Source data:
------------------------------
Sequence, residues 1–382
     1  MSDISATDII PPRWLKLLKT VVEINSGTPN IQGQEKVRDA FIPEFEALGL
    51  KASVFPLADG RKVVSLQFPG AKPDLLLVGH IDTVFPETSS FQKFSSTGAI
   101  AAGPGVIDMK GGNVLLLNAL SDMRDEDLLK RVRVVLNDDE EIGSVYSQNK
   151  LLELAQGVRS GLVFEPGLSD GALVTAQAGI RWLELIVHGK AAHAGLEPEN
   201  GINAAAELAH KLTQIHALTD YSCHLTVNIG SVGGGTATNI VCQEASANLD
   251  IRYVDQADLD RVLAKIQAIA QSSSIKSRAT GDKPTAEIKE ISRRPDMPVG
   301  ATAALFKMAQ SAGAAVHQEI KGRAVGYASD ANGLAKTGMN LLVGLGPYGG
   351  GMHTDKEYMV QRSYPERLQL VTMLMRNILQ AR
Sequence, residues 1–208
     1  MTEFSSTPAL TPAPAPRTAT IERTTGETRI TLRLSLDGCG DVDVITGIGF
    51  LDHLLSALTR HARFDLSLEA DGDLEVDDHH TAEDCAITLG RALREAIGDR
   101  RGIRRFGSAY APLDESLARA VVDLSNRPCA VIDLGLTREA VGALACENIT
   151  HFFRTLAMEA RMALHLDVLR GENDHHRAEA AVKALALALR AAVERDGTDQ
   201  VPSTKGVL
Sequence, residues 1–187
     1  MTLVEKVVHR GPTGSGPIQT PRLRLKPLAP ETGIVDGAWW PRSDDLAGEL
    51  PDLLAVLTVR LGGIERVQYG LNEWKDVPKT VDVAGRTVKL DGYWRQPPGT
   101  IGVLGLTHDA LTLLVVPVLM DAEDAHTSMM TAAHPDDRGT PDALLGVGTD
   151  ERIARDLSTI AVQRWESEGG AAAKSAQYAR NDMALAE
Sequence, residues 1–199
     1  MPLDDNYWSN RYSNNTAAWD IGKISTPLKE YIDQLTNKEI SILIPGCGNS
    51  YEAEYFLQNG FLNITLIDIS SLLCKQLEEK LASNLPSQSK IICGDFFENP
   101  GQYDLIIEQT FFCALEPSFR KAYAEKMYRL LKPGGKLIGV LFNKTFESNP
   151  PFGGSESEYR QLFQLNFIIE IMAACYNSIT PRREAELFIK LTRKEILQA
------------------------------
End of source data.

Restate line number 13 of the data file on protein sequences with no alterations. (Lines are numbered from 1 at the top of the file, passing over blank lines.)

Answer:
   101  RGIRRFGSAY APLDESLARA VVDLSNRPCA VIDLGLTREA VGALACENIT